20 November 2015

TV Review: Unforgotten - Series 1

On paper, ITV's new crime drama should be a total disappointment, writes Tom Newsom, yet it's surprisingly engrossing and gets better as it goes along.

A new ITV crime drama - no wait, come back!

On the face of it, Unforgotten doesn’t have a lot to offer viewers. Yet another drama where police detectives investigate old crimes (there’s literally a new one every week), only this time there’s no twist with the main characters, nor is it set in a particular, photogenic location. To make things worse, ITV were hailing it as the next Broadchurch, and then Nicola Walker, the main star, pops up in BBC One’s much more experimental drama River in the same week.

Every sign pointed to this being a disappointment - that is, except the cast list, packed full of fine actors, almost laughably so given their individual screen time in the first episode. The list goes on and on, but the ensemble cast includes Trevor Eve, Bernard Hill, Sir Tom Courtenay, Ruth Sheen, Gemma Jones, Cherie Lunghi, David Troughton, Hannah Gordon, Peter Egan... it’s an impressive roll call to fit into 45 minutes and lends the show some serious star quality. All this is fine, but often it’s no indicator as to whether the show is any good; even the best actors suffer with bad material.

So it’s a great relief that Unforgotten - forgettable title - is one of the best dramas ITV have put out this year. Sure, it isn’t original, not on the face of it, not as a genre. But its strength is in its writing: it manages to pull off having a ‘realistic’ tone but also with big themes, solid drama and twists, with relying on a flashy style or narrative tricks.
If the large cast list doesn’t give it away, the production is big. There’s a real drive to make this a diverse series that captures life in the country today - it’s great to watch a show that has a disabled character, black and Asian characters, gay characters, and all kinds of older people - from lotharios to liars to people with dementia. There’s even, by the end of it, a birth, a wedding and a funeral. It doesn’t feel like box-ticking, nor as if ITV is trying to appeal to all. It’s more like a state-of-the-nation drama.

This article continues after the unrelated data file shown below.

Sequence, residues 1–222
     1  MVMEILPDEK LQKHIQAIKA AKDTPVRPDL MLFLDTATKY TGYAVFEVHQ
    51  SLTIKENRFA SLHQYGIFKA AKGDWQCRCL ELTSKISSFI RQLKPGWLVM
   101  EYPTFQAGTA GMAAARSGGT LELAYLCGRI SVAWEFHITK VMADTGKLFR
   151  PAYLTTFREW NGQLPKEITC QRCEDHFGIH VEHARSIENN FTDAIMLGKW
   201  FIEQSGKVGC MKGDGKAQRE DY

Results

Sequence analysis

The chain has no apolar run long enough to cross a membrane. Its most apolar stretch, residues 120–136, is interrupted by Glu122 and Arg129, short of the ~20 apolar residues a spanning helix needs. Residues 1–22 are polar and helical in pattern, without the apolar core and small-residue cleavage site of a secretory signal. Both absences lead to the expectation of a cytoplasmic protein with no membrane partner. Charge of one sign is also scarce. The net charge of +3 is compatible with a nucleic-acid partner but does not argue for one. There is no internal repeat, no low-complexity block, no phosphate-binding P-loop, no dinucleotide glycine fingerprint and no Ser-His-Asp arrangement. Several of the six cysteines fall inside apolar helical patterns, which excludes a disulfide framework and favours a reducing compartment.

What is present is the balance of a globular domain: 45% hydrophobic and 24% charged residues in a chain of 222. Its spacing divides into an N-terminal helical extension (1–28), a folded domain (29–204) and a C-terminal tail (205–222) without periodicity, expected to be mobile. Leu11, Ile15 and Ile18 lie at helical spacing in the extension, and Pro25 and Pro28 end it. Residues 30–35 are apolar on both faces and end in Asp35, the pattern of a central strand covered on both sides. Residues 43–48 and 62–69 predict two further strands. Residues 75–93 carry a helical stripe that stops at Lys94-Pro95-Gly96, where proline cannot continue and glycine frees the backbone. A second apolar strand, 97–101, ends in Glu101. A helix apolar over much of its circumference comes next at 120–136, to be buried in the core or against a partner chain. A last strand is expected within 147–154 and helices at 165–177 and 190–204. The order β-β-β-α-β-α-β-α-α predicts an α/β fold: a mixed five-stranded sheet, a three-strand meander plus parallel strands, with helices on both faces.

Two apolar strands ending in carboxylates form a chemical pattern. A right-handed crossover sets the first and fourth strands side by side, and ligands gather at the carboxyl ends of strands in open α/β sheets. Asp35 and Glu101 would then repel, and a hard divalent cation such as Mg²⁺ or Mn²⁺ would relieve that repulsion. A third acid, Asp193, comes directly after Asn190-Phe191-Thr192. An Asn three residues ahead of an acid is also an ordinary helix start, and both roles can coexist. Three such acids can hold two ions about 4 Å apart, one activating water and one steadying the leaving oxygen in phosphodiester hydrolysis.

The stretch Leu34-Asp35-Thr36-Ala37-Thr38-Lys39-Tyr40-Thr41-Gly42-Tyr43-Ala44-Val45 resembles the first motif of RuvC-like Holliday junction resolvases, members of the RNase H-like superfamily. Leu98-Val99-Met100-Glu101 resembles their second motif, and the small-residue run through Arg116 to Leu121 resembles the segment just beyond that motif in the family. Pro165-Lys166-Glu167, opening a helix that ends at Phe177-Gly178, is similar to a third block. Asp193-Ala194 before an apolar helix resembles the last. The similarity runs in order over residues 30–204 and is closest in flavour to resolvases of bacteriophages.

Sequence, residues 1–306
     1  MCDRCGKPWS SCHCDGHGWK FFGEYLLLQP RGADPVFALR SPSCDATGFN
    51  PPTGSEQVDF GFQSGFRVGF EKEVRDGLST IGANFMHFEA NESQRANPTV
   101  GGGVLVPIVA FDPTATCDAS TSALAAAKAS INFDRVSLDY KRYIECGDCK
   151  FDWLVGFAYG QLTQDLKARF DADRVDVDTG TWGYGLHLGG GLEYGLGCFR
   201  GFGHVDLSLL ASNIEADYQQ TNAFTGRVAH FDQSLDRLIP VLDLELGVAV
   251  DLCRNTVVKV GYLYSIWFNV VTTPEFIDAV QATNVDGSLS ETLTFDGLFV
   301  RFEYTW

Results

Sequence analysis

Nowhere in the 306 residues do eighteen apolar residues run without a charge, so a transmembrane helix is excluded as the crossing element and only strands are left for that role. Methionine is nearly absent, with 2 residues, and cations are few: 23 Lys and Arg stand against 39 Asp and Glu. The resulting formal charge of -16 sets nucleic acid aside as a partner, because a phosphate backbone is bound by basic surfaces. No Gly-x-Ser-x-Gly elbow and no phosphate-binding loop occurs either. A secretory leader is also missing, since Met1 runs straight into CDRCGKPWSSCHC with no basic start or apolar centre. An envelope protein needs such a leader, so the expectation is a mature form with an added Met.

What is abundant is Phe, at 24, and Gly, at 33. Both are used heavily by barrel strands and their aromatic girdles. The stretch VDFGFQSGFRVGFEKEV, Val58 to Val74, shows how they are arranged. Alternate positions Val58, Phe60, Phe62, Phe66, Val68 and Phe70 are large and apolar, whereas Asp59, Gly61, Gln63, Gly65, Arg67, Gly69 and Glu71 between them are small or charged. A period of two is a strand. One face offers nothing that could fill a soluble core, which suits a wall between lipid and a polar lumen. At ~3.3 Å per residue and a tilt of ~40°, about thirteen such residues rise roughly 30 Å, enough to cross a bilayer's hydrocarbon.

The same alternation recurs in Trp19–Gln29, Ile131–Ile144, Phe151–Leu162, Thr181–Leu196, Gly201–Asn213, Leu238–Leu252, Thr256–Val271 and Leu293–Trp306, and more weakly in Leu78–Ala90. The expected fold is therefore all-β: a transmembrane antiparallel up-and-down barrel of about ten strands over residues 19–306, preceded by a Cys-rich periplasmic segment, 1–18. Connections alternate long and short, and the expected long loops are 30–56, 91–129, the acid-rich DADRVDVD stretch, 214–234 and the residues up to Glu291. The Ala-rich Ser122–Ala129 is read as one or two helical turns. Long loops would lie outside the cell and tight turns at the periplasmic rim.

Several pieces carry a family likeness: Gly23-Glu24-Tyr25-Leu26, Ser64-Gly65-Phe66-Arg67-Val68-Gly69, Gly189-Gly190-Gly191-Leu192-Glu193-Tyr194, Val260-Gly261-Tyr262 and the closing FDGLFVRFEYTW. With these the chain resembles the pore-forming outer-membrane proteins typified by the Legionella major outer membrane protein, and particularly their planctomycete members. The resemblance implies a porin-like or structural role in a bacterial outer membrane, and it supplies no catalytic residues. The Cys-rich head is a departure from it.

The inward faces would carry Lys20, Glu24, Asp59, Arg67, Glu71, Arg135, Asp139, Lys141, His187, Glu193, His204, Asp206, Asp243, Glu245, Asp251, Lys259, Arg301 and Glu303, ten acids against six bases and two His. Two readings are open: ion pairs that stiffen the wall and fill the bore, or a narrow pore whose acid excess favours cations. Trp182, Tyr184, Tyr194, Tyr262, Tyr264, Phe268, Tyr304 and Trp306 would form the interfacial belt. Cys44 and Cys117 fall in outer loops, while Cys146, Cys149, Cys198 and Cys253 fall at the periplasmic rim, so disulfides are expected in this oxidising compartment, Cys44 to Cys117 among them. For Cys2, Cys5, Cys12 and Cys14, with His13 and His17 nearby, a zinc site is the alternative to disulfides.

Not necessarily just a state of the nation today, either. In the series, the police uncover a body from 1976 - so each of the main suspects is now in their 60s. Cleverly the series doesn’t dwell on the specifics, nor overly rely on flashbacks, leaving the events shrouded in mystery until the final episode (after all, the characters can’t remember everything from 40 years ago!). At first it can feel annoying, later you realise it’s the way to make you keep watching. That, and how it doesn’t need to - the drama here is watching to see how these suspects cope when their pasts are looked into, and secrets uncovered.

What secrets! What storylines! One of the strongest, I thought, is what Ruth Sheen’s character goes through. Once the police come sniffing round, it all comes out: she used to be a racist, she tells her - black - husband of twenty-odd years. She was egged on by her former boyfriend, she wasn’t really like that. We rarely see a story like that on TV, I think. Not just attacks by faceless youths but the insidious hints and rumours - with the focus solely on the characters in the modern day, the shoe is on the other foot once her community finds out. In the end, she’s merely looking for trust and love, rather than full forgiveness.

Obviously there’s a theme of history repeating itself, that the truth will out. It’s also incredibly easy to see this as a reaction to the modern day’s judging of the 1970s - with some people picking it as a decade where what passed for everyday life are now serious crimes  (as opposed to every other decade before then, and since). It doesn’t feel like a coincidence, but it’s not entirely unsubtle. Nonetheless the crimes that the suspects are guilty of are well chosen - the full gamut of hate crime to underage affairs. But there’s always an element of doubt, as in the real world. Every criminal has a defence.

It’s this realistic tone, combined with a steady, balanced plot, which makes this drama so engrossing and deep. It gets richer as it goes along, right up to the ending, which did not disappoint. The dramatic storyline and twists only go some of the way - it’s what sticks in the mind later. This is the sort of drama where the characters - especially the police detectives - stop for a few minutes and discuss the nature of guilt, innocence and historical crimes. And this is in ITV. My kind of show.

Thankfully they’ve announced a second series - and unlike Broadchurch, it might actually deliver. The only things that need to carry over is the format and the detectives. I’ve barely said a word about Nicola Walker and Sanjeev Bhaskar - always likeable actors, both of them - and that’s probably because they’re not at the centre of this. I could barely tell you anything about their characters, nor do they go through much development by the end of it. Almost as if it’s real life. These are people you’d happily watch another series with, solving further long-buried crimes, which makes it good casting. That, and the top names, make this sound more like Midsomer Murders. But this has real teeth.

Oh and the theme's tune also pretty good.

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